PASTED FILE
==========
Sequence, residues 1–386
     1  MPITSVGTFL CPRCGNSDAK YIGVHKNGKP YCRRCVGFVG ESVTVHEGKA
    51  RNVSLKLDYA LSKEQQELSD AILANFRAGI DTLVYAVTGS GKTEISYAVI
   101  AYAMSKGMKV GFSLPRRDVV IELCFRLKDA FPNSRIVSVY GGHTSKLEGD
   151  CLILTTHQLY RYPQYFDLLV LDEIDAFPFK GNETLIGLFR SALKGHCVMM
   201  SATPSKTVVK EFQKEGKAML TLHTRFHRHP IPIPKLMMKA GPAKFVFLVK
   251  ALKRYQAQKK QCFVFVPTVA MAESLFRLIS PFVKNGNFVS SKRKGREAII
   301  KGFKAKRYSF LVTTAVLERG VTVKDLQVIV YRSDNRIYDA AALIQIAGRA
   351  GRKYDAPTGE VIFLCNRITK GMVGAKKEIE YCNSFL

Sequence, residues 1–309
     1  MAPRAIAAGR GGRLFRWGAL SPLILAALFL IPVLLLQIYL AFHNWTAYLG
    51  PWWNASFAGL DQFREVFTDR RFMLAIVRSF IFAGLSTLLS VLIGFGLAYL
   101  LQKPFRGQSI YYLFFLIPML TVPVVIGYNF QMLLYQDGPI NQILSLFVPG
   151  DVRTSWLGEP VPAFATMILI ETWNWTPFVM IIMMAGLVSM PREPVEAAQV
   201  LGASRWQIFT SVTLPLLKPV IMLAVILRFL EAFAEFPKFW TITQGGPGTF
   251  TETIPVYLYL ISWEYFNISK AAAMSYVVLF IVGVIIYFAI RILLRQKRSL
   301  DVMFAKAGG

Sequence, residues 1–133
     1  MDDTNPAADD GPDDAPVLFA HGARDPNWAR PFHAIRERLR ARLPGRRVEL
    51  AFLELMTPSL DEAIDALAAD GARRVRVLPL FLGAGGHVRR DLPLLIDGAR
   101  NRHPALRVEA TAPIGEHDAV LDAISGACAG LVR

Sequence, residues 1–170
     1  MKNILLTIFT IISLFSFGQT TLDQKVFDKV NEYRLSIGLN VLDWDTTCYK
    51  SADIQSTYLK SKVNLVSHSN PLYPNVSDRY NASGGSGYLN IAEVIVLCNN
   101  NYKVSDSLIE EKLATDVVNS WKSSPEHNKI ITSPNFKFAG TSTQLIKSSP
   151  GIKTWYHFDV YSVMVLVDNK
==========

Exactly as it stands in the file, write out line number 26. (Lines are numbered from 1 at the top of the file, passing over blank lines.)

   151  GIKTWYHFDV YSVMVLVDNK